ADVERTISEMENT

TC Discussion: Are Indian investors biased towards e-commerce?

E-commerce is one of the hottest sectors in India and it has been getting a lot of VC attention of late. Both Indian and foreign investors are pouring millions of dollars into companies like Flipkart and Snapdeal, expecting multi-bagger exits. In fact, this trend has created a general consensus among a section of entrepreneurs that other industries are not getting as much attention as e-commerce.

Techcircle.in talked to a few entrepreneurs to get their views on this topic. While a majority of them opined that it is a wrong to say that VCs are biased towards e-commerce, some said (on the condition of anonymity) that 'partiality' does exist.

Saurabh Arora, co-founder, Airwoot, a social media listening and analytics platform which is backed by Kae Capital and Google India MD Rajan Anandan

I don't think there is a bias among investors towards e-commerce. In fact, the focus has shifted to technology startups that are essentially e-commerce enablers such as POS & payments, supply chain & logistics, and fulfilment & customer support. To say that they are ignoring other sectors would be too presumptuous.

Ask any Indian investor for their focus areas and you will most likely hear 'mobility, education and healthcare'. As India clears the way for freer markets and increased foreign participation, and with increasing internet penetration, I believe all sectors will get attention. In fact, a popular Indian investor, who I know personally, has kept his investments on hold in an e-commerce firm and is concentrating on other sectors.

Mukund Mohan, an angel investor and director at Microsoft Ventures, which runs a startup accelerator in Bangalore

I don't think Indian investors are biased towards e-commerce at all. If you look at the investments in 2009-2011, there were 73 seed and early-stage e-commerce investments because of the perceived rapid growth in GMV and sales/customer acquisition. This year, most investments were a good mix of SaaS applications, consumer internet, education and healthcare technology startups. Only nine later-stage e-commerce companies, including Ola Cabs, Flipkart and Valyoo raised money.

I think investors are not ignoring other sectors at all. In fact, this year has seen 21 per cent new investments in Big Data, mobile applications and analytics alone. In terms of money, since later-stage companies have received more in pure US dollars, the skew appears to show as if there is a bias towards e-commerce.

If anything, anecdotal evidence suggests this year most investors are shying away from e-commerce companies that are in the early stage.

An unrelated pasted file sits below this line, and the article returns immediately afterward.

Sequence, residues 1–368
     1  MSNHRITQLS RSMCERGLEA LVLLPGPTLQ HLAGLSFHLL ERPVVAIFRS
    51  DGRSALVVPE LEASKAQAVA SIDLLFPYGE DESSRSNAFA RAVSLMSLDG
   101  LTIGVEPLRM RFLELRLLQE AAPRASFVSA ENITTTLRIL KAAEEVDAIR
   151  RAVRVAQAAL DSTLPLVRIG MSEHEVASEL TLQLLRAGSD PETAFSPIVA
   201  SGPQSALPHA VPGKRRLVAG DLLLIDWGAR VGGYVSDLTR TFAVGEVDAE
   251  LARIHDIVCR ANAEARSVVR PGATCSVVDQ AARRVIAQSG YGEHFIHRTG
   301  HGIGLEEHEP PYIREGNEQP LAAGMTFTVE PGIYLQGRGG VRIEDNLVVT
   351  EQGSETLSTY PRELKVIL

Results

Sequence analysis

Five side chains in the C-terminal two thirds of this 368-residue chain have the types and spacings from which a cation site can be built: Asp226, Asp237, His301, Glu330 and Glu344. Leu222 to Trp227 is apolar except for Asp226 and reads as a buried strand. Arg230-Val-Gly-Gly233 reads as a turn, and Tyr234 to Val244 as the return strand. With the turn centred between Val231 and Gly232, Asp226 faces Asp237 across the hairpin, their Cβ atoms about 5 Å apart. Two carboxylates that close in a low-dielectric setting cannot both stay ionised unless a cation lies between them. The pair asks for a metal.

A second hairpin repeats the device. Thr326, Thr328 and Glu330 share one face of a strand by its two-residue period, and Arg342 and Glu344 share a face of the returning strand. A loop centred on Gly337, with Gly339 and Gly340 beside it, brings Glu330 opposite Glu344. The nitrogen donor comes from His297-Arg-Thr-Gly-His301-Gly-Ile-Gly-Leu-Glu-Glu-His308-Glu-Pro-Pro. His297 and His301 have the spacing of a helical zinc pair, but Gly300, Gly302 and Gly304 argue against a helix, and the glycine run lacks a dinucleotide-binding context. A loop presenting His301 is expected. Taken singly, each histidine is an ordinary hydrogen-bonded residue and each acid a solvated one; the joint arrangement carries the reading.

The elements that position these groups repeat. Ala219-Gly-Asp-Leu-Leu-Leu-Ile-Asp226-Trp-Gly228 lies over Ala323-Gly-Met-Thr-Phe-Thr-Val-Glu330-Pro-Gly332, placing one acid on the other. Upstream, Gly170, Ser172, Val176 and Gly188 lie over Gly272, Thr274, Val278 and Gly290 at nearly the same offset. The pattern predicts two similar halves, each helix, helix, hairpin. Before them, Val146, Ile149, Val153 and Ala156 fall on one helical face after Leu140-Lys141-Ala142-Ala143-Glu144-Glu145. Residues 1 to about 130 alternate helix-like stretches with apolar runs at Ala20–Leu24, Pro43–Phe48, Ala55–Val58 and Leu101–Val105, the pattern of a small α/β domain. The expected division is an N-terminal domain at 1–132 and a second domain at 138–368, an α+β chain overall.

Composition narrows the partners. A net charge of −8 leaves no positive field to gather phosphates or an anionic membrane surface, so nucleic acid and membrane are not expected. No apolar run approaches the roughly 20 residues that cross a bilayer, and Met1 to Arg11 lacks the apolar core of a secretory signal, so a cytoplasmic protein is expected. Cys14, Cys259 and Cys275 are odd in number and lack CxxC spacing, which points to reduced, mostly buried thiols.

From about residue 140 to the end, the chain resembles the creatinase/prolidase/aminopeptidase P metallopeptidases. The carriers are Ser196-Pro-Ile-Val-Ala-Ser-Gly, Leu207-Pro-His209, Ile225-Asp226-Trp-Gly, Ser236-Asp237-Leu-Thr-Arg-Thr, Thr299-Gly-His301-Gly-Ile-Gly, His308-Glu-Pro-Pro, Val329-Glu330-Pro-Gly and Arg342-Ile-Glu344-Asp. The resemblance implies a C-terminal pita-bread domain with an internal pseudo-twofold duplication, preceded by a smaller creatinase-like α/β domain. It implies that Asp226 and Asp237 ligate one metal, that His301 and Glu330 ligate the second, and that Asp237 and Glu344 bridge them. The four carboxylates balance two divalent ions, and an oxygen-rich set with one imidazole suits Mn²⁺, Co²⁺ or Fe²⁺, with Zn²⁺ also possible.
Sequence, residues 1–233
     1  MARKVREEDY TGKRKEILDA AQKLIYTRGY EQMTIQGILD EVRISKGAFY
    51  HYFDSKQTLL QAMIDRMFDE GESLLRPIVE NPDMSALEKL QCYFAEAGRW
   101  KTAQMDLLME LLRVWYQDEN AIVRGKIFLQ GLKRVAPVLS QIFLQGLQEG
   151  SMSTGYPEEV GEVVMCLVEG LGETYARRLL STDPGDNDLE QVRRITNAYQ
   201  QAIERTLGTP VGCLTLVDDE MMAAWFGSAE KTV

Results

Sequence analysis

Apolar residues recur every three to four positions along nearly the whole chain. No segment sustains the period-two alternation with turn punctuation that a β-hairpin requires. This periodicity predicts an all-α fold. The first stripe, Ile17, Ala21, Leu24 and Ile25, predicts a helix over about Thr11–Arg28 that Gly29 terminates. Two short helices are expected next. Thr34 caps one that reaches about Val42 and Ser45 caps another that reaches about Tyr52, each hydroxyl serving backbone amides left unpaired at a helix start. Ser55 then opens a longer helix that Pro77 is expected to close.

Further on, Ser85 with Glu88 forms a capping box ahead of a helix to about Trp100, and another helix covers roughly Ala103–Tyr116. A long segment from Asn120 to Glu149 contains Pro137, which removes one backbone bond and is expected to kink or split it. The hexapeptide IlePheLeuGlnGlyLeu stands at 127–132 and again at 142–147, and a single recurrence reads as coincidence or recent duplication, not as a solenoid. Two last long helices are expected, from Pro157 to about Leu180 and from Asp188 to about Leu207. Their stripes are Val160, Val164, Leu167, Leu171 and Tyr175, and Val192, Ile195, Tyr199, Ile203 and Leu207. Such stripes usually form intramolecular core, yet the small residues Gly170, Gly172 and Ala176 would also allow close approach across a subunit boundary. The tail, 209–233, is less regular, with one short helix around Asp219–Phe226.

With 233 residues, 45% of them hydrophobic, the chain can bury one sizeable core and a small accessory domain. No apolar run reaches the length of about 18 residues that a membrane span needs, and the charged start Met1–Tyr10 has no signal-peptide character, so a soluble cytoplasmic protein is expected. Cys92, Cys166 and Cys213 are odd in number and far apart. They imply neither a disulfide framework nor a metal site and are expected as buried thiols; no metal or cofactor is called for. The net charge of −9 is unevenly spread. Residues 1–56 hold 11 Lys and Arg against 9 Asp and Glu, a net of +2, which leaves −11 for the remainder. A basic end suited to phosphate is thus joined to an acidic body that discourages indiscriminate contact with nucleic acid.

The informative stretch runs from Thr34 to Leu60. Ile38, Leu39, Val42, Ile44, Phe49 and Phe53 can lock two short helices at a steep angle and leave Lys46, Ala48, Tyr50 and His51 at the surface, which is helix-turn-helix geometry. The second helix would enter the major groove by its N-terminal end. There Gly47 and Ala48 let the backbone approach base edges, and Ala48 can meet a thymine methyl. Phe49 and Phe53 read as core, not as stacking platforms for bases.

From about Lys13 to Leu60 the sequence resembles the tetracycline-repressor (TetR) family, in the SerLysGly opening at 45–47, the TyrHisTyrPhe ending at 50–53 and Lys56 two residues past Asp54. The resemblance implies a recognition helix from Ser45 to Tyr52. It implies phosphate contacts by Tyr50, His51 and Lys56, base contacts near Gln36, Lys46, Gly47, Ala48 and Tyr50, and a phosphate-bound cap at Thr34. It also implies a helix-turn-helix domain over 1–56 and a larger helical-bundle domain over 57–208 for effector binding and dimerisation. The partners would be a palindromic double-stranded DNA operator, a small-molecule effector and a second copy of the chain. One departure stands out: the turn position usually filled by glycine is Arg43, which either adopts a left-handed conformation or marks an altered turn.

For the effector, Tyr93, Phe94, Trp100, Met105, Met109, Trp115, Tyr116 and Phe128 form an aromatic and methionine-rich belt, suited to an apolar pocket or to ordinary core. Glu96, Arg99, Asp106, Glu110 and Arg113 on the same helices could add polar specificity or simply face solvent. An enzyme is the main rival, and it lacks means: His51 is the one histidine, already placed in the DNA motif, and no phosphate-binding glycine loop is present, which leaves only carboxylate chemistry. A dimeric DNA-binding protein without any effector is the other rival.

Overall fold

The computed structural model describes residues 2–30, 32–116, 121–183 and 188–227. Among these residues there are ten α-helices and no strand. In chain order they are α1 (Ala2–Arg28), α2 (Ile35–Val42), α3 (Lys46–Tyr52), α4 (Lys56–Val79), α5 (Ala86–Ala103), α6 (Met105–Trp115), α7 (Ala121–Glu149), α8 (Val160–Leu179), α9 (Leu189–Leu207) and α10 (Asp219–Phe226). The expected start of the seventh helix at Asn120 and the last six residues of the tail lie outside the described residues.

Raghav Sehgal, an IIM-Ahmedabad alumnus who runs Rxvault.in, a medical document management strartup

I do not think that Indian investors, both angel and institutional, are more biased towards a particular sector. In our experience at RxVault.in, investors keep talking to us for multiple reasons and the investment decisions are guided by various factors. Some of them include market potential, scale, execution, team etc. By sheer market size and scalability potential, startups in sectors like healthcare, retail (including e-commerce), education & IT/ITES often get more traction and attention.

So it is a fair call on investors to focus their energies and thoughts to four or five key sectors and not invest in every sector. Many times institutional investors do not look at a particular sector simply because of their mandate to invest. RxVault.in has been told by a few investors that their fund mandate is to invest in e-commerce and education sectors instead of healthcare, but I do not think we are being ignored.

And because of economic cycles, sometimes a particular sector requires more attention that other sectors. E-commerce, and to a certain level education have been enjoying that attention over the past three-five years, but we see a very visible and positive interest in the healthcare sector currently. I do not think it should be misconstrued as ignorance on investors' part towards other sectors.

Each sector and sub segment in the sector needs to reach its critical point before investors start taking risks.

A leading entrepreneur, who runs a consumer-focused internet startup

Most of the VCs in India, including big names, are biased toward e-commerce. But all VCs have burnt their fingers in e-commerce and each has invested at least $20-30 million in those ventures. As far as the other sectors are concerned, although investors provide seed money, they are not willing to put in the next round of money to support their growth, even after showing some traction or validation in terms of revenues or number of customers.

Conclusion

While till recently investors looked at e-commerce as a potential segment to invest in, they have started focusing on other segments, including mobile and healthcare with a more positive perception. The illusion of the bias might have stemmed from the fact that investors, as Mukund Mohan noted, are pouring in more money in e-commerce segment through multiple tranches as it is a high capital-intensive industry, while the quantum of investments in others sectors are comparatively low.

(Edited by Joby Puthuparampil Johnson)

Share this Post

Comment(s)

ADVERTISEMENT
ADVERTISEMENT
ADVERTISEMENT
ADVERTISEMENT
ADVERTISEMENT